Tuesday, 24 June 2014

Happy Birthday, Laurie Lee!

Today's 100th anniversary of the birth of one of my favourite authors can't go without comment. From his iconic autobiography Cider with Rosie to his gently haunting poetry and the many, many prose poems written for broadcast, Lee was a man of well-chosen words and a memorable phrase who by dint of his birth and his talent managed to preserve a world as remote to us now as the Stone Age. 

It's really hard to appreciate how much and how dramatically lives have changed in just 100 years - more so, for certain, than at any other period in human history: electric lights, television, modern medicine, the list goes on. Lee's world was as different to ours as that of Dickens' or Hardy's. 

Unlike that august company however, Lee managed to live across the divide between the modern world and the centuries old way of life. Which also means by happy chance that we have a rich legacy of his own recordings: and Lee is also one of the few poets who can read - really read - his own work and make us listen.

Most poets give truly awful monotone readings, whether of their own work or other peoples. Some manage better, of course. Seamus Heaney, for example, wonderfully. So maybe it's a regional accent that does it? Lee had the most wonderfully warm West Country burr which adds colour and warmth to everything he says. But he also has an ear for the music of lines, whether reading poetry or prose - as you'd expect of a musician. (Lee was an accomplished violin player, making his living playing the fiddle as he walked across Spain as memorably recalled in his book As I Walked Out one Midsummer Morning.)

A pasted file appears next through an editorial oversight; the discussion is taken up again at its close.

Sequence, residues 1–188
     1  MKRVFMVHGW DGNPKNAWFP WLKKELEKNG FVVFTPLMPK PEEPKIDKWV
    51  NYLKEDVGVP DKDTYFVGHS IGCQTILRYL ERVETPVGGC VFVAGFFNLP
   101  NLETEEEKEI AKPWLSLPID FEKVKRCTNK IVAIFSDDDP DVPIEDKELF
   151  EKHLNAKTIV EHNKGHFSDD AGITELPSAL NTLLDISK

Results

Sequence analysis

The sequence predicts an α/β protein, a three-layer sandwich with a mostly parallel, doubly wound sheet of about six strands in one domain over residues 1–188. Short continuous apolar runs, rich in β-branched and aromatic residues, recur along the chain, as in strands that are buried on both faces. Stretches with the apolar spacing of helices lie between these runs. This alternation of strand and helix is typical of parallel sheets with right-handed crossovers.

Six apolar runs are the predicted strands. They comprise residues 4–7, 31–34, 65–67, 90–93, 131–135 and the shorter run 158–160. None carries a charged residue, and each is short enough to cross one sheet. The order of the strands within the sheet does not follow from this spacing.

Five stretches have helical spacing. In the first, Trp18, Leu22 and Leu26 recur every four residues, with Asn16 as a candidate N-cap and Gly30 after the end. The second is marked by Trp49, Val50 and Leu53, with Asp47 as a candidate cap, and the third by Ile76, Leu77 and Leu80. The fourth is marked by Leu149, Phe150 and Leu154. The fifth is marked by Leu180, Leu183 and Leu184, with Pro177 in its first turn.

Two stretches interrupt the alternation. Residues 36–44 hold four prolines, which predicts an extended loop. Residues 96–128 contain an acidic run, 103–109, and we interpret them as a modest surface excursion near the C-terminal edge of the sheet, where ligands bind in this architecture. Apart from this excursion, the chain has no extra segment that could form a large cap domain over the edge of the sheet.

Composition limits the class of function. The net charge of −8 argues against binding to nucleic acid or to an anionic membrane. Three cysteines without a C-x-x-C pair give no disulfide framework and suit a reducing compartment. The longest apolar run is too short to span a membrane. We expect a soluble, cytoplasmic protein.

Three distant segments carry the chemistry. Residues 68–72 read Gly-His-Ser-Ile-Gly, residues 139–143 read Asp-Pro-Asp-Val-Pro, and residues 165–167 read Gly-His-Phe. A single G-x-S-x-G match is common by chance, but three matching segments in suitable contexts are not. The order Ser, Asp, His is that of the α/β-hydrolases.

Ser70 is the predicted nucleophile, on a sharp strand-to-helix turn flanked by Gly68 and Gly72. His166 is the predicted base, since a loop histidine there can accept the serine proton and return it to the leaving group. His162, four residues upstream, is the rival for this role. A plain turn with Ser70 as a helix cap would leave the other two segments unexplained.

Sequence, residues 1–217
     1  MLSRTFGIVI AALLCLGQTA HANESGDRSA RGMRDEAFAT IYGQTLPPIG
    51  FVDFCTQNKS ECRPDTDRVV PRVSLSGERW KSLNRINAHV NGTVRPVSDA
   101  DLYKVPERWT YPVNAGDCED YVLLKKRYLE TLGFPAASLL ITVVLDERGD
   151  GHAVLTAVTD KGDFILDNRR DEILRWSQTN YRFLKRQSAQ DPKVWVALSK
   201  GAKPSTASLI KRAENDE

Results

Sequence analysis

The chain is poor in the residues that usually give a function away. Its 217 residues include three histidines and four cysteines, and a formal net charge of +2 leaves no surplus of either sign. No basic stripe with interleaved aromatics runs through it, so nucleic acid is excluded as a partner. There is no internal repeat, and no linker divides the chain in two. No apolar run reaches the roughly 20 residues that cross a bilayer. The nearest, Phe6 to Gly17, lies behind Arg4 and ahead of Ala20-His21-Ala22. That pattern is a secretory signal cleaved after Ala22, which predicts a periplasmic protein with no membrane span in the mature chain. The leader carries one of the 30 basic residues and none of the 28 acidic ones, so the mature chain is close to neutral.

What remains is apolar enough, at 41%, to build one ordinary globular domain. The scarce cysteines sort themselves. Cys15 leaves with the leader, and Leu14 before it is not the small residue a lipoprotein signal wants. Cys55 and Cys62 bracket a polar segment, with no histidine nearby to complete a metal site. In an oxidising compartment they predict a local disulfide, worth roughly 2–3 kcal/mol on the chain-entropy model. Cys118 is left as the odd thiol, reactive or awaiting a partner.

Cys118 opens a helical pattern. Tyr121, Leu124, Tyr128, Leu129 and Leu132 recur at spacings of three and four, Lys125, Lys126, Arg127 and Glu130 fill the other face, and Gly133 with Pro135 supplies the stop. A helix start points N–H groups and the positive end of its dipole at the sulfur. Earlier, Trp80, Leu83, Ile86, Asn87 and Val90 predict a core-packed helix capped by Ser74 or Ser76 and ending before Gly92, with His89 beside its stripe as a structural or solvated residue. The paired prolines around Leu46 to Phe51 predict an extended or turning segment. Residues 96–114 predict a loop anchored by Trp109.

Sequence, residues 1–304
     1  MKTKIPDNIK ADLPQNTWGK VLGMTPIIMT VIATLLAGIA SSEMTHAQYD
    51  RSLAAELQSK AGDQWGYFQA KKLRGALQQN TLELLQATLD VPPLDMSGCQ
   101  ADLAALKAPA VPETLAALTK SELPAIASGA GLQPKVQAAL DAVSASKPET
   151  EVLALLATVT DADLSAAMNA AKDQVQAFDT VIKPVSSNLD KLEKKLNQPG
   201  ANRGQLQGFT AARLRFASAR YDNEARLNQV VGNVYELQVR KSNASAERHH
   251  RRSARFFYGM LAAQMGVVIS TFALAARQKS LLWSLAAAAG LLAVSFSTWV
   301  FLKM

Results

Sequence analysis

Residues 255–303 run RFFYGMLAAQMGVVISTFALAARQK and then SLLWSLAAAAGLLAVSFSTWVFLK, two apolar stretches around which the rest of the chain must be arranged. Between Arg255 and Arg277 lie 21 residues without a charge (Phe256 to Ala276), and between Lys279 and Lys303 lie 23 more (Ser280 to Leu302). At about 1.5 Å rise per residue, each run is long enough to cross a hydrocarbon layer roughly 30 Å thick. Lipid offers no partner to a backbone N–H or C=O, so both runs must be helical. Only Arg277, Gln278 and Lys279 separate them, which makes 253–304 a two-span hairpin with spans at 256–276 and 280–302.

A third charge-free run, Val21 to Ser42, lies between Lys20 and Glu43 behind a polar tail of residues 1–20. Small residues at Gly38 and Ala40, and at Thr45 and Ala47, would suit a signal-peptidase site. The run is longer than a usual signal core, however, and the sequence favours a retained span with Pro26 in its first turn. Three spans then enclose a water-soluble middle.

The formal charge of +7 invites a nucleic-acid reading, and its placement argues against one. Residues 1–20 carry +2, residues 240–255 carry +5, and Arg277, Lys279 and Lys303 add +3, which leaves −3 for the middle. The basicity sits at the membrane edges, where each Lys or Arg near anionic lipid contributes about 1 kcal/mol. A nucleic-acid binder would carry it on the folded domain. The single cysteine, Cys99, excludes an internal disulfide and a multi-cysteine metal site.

So how better to celebrate this, the 100th anniversary of his birth, than by hearing the man himself read a selection of his work. Here are some of my favourites. If you haven't come across Lee yet or haven't read much of his work before, you have a real treat in store: I almost envy you the wonderful opportunity of new discovery. Philip Larkin said of jazz how much poorer his life would've been if he'd died in 1922 rather than having been born then. I feel the same way about Laurie Lee: I can scarce imagine a world without his words, thoughts without his observations as comparison or idle recollections coloured by some remembered turn of phrase. Lee isn't especially popular today in spite - or perhaps because - of being studied on school English courses. I think his work is wonderfully ripe for reappraisal. See if you agree. 

You can listen to Lee reading one if his most famous - and probably one of the best Christmas poems - Christmas Landscape - here on the BBC Radio Three poetry archive

Here's Lee reading from his memoir 'As I Walked Out', describing lunchtime in 1930s Madrid... specifically the cool air of dark bars 'like fruit peel pressed to your brow'...

In addition to the above, there are some wonderful old interviews with Lee being repeated on BBC Radio Four Extra. You can hear the author's eloquently illuminating explanation of his travels here and here. And although I've made a great play this morning of Lee's wonderful reading his own words, try and catch the dramatisation of his most famous work, Cider with Rosie if you can. As always, with iPlayer, the tapes self-destruct after a ridiculously short amount of time (seven days or thereabouts) so... hurry!

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